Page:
I’m an architectural photographer.
On my van-life travels through the British Isles I’m building up a word and photo-hoard of material culture that celebrates our built heritage and contributes to a sense of place.
My van is my time-machine, it gives me fresh perspectives on our remarkable places, shared here on a weekly basis.📸🚐🏛
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Home | Avoncroft Museum of Historic Buildings
Avoncroft Museum is home to over 30 historic buildings and structures which have been rescued and re-built in rural Worcestershire.
"I preferred the Gothic pine cones... I would stroke the pine cones. They would bristle. They were attempting to persuade me to do something. In the tenderness of their shells, in their geometric giddiness, I sensed the rudiments of architecture whose demon has accompanied me all my life."
All photos shot on iPhone.
I get up at 0445 and head up to Carlisle through hovering patches of frozen mist to photograph the cathedral at sunrise. The light is blue. During the final mile into the city I watch the blue turn to purple and then to pink. The sky is apricot when I run up to the cathedral precinct and watch the first golden light creep along the chancel and aisles.
As the day passes, I work my way around the close photographing the cathedral from various angles articulating the relationship with the precinct buildings. Outside the south aisle I meet a lady in her 80’s who tells me that her husband was a stonemason at the cathedral and this is where she first met him. Inside James the head verger is shrouding the high altar in readiness for lent - but he kindly takes it off again for the photography. He also adds a touch of incense to the choir and it’s not too long before fingers of light hover over the cathedra and lecturn.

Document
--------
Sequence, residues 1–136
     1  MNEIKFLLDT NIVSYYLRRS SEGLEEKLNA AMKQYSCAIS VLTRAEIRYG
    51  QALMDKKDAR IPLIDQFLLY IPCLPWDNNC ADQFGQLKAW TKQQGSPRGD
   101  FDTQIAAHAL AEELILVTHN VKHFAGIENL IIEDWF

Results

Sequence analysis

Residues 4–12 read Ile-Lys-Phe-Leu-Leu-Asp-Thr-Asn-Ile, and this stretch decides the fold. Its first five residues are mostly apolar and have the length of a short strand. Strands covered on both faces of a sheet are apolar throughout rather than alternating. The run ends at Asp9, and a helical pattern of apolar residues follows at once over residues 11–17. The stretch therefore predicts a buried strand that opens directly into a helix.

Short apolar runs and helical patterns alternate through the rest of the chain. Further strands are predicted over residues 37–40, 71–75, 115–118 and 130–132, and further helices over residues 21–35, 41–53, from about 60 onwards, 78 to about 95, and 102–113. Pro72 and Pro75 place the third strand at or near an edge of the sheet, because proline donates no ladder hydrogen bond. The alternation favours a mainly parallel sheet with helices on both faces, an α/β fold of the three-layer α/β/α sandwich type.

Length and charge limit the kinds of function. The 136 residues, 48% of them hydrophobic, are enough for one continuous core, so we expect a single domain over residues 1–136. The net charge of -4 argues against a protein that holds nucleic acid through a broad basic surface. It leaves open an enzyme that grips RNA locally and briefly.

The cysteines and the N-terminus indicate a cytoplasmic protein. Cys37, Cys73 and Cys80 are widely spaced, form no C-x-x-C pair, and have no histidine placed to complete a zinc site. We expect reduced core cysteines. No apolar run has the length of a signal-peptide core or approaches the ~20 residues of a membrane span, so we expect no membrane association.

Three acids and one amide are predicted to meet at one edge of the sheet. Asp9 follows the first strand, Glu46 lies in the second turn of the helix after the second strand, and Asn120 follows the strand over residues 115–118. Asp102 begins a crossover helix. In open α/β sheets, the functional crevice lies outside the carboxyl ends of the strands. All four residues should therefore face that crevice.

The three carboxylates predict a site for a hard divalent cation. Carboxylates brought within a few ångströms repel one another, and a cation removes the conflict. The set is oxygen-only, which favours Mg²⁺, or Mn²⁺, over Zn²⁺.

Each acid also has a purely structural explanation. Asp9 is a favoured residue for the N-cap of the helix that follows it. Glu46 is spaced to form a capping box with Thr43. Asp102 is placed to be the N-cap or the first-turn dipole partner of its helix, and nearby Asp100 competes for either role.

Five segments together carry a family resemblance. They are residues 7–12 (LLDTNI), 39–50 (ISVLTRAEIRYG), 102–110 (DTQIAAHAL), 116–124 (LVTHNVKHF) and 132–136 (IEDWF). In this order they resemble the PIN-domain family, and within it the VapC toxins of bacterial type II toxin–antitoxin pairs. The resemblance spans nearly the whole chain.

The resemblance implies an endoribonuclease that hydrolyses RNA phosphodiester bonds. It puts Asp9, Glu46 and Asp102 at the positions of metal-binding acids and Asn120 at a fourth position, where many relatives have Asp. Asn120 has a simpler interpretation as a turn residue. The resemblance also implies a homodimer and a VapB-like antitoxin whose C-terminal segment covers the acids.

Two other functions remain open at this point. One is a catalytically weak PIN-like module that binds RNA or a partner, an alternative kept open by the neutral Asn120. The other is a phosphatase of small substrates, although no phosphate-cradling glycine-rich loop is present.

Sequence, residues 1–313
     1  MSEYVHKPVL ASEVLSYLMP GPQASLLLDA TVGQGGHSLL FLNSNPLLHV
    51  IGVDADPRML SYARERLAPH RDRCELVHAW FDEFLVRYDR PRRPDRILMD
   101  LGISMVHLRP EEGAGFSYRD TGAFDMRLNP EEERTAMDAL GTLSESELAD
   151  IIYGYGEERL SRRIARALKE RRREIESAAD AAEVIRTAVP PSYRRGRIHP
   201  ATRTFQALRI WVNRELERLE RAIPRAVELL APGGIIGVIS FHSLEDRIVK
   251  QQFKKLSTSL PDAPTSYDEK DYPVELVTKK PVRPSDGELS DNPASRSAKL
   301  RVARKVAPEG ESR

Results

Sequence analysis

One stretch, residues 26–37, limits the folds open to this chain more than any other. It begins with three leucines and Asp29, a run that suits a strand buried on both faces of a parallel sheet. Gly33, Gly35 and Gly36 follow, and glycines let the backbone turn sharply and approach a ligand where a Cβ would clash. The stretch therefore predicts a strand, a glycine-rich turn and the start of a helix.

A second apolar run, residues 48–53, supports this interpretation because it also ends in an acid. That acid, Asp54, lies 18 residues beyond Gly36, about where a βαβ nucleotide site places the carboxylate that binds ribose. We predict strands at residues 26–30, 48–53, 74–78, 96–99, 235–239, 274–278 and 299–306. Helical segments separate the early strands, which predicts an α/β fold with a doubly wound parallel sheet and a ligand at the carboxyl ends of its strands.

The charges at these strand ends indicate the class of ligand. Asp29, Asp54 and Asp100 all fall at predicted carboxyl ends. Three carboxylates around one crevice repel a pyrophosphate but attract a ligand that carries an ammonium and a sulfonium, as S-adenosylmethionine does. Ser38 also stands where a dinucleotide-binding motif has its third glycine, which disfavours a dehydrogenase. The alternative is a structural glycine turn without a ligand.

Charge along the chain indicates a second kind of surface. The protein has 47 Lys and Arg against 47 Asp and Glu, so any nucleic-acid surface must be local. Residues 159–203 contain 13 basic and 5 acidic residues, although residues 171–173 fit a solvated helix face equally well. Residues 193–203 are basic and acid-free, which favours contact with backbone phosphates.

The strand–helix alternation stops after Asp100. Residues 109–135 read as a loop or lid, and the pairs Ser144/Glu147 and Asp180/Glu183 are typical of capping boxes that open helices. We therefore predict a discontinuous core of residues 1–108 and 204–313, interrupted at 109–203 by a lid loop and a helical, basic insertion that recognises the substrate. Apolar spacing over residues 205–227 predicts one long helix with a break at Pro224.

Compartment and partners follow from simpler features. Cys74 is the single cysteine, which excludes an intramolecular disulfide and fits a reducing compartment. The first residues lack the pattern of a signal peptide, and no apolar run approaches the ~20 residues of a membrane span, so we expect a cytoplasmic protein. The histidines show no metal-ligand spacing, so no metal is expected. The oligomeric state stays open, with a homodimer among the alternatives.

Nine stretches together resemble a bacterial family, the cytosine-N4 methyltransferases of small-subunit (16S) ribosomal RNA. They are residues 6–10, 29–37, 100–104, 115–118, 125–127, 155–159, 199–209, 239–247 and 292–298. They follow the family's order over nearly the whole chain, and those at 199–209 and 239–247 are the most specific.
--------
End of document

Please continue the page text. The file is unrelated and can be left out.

Exhausted from the early start I head into the new Fratry for sustenance. I ask the server if she can do me a poached egg on toast. She replies: “I can do you an egg mayonnaise sandwich.” I’m reminded of a few weeks ago when I call ahead to mum whilst travelling from a shoot in Poynton:
Me: “Hi mum, I’m calling in.”
Mum: “ Do you want something to eat?”
Me: “ A poached egg on toast would be nice.”
Mum: “ I’ll do you a sausage butty.”
Nothing more is said.
I’m booked into camp site on a farm a couple of miles south of Carlisle and I need to check in before returning to the cathedral. Margaret the farmer tells me that the sheep are in lamb and I might hear her wandering backwards and forwards in the night. I’m lodged next to the sheep shed. I can see them now through the window of my van with their heads lined up through the grate eating hay. Later, Margaret takes me inside the birthing shed and shows me the newborns. A ewe in the corner is licking her lips and stamping her cloven hooves ready to give birth.